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Fendi SS22
Fendi SS22Courtesy of Fendi

Sex, Fashion, Disco! Fendi swished into SS22 with an homage to Studio 54

Kim Jones and Silvia Venturini Fendi opened Milan Fashion Week with a decadent collection set within a mirrored maze

With London Fashion Week SS22 drawing to a close last night, the fashion circus has descended on Milano in a haze of cigarette smoke and Santal 33 for the first time since coronavirus restrictions kicked off and editors fled in February 2020. Scoring the first big spot on what’s actually a pretty tightly packed schedule was none other than Fendi, where Silvia Venturini Fendi and Kim Jones gave a downsized audience a glimpse at what they’d been working on for the past six months. Here’s everything you need to know.

GUESTS WERE CONFRONTED WITH THEIR OWN REFLECTION

…in floor-to-ceiling mirrors opposite the catwalk. Seeing 100s of masked faces staring back at you? Yeah, pretty unnerving actually! As the lights went down, the runway was plunged into darkness, with only the glare of iPhone screens illuminated like plankton in the deep blue. When they finally ascended once more, they bounced through a mirrored maze of colonnades that had been erected in Fendi HQ’s image. As crackling house remixes of “Ain’t No Mountain” and “Now That You’re Gone” kicked in, it was clear that Jones and Venturini were attempting to transport the audience into the spangled, mahogany-walled rooms of the 1970s.

THE COLLECTION JOURNEYED THROUGH THE DISCO ERA 

The first few looks out on the runway consisted of chic, knife-cut, multilayered tailoring. Immaculate white, Bianca Jagger-esque pant suits were bisected at the hip to reveal swishing panels of fabric, while nipped-in coats with irregular panels were buttoned to the neck and matched with similarly graphic knee-high boots. 

These slick styles eventually gave way to fluid Studio 54-appropriate silk kaftans cut dangerously short or otherwise trailing behind the models, shimmering with sequins, as they strutted through the space.

Later, a succession of flippy fringed flapper dresses (we are in the so-called roaring 20s, remember?), seemingly weightless, bouncing marabou and ostrich feather coats, and quilted minis and matching swing coats in soft, sugar-sweet shades of marshmallow suggested Jones was really getting into his stride at the revered Italian house he now calls home.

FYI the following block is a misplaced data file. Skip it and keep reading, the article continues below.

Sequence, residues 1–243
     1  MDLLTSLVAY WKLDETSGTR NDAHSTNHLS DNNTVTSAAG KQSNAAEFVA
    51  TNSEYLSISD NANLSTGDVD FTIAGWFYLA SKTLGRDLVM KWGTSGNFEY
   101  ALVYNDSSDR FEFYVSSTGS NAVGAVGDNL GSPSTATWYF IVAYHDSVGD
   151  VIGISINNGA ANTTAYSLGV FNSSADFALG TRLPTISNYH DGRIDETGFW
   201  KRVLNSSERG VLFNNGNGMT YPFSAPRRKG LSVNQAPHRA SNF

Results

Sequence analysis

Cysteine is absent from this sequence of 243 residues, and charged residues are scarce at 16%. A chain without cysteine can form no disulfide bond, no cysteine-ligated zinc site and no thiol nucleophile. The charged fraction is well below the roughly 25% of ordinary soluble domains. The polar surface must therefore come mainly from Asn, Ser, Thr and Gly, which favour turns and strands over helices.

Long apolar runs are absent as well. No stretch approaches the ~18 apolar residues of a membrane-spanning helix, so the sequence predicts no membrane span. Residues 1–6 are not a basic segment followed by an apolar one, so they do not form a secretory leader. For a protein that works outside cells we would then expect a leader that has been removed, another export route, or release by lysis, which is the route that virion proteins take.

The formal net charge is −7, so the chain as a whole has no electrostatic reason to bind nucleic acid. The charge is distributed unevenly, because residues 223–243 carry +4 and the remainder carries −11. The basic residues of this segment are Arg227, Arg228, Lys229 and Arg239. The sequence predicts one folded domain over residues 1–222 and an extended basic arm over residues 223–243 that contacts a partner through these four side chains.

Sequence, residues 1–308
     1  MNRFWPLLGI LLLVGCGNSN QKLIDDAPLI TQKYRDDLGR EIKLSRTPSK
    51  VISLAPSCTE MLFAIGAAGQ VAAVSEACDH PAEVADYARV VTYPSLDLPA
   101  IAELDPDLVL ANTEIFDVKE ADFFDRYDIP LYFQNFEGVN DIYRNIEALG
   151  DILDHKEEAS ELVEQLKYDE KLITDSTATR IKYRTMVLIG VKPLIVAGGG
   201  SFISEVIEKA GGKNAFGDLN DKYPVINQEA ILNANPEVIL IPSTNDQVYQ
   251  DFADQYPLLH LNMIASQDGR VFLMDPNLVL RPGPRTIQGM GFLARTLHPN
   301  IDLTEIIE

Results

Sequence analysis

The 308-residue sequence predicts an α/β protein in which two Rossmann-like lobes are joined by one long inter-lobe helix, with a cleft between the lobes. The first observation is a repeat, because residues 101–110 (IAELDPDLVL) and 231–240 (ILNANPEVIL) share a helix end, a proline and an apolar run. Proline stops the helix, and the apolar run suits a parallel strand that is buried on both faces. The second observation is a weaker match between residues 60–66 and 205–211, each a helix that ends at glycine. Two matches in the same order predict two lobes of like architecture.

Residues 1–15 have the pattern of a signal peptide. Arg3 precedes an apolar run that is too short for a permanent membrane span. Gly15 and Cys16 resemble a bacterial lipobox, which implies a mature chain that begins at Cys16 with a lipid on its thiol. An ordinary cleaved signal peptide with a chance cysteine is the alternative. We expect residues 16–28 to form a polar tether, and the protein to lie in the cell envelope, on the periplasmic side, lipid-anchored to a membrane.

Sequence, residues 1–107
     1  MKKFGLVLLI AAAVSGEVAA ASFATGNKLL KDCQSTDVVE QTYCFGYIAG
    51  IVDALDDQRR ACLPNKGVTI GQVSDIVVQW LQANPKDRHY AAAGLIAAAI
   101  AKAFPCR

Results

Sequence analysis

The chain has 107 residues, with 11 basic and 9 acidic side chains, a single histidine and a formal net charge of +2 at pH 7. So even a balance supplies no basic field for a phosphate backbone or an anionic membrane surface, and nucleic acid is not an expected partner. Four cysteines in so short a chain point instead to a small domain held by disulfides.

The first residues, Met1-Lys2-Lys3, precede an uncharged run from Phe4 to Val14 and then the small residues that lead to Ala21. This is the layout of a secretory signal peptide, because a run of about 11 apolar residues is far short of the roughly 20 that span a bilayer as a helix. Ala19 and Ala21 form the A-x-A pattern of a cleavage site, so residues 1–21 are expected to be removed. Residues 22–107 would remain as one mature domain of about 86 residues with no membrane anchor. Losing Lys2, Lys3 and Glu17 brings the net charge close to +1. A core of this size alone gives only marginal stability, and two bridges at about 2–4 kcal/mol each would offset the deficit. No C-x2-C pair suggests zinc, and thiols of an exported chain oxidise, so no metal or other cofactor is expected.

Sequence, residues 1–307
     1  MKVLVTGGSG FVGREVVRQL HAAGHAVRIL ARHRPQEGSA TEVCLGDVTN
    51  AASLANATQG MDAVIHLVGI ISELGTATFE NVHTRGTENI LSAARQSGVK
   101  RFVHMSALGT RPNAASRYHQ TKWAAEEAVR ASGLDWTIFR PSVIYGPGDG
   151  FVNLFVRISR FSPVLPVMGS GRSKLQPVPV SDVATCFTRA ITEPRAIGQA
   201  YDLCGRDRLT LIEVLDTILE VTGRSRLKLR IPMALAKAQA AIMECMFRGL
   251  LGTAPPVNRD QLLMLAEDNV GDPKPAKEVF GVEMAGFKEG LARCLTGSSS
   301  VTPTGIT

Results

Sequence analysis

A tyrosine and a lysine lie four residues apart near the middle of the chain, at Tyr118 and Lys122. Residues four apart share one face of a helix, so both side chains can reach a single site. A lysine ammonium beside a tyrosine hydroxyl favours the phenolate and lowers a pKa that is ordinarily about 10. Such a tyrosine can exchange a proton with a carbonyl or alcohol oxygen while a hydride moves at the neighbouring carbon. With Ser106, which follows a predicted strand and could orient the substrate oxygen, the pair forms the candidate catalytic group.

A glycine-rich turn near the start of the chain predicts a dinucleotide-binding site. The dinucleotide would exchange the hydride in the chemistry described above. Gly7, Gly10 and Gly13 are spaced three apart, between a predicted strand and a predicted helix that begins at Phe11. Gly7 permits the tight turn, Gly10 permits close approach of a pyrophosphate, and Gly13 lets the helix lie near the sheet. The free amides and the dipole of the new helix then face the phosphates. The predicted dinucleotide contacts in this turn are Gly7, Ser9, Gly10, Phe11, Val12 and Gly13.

…BUT THERE WERE FLASHES OF Y2K, TOO

Will our raging desire for all-things-noughties ever be satiated? All signs point to… not yet. Though the Fendi design duo dialled back the clock when it came to the collection, they punctuated it with slightly more recent references in the form of frameless rose-tinted sunnies and logo-emblazoned gold pouches (including some covetable wristlets that are sure to have the girlies salivating). Fun fur sandals in candy hues also harked back to the halcyon days of the turn of the millennium, with many finished with sculptural ‘F’ for Fendi heels and barely-there straps.

IT WAS IN COLLABORATION WITH THE ESTATE OF ANTONIO LOPEZ 

This season, Kim Jones expanded his collaborative repertoire, tapping the estate of Antonio Lopez for inspiration. Primarily a fashion illustrator, Lopez, together with Juan Ramos, rose to notoriety in the 1970s, pushing womenswear designers to champion a new, empowered sensuality. Described by the estate as “rampantly bisexual”, it’s safe to say that Lopez was a friend to all, including Bianca Jagger, Karl Lagerfeld, Jessica Lange, and Jerry Hall – with whom he had a brief romantic relationship. His artwork was splattered across accessories, tailoring, and spilled down flowy kaftans – speaking to the fabulous and decadent life he once embraced. Or, in other words “Sex, Fashion, Disco”, as the documentary dedicated to his life was aptly titled.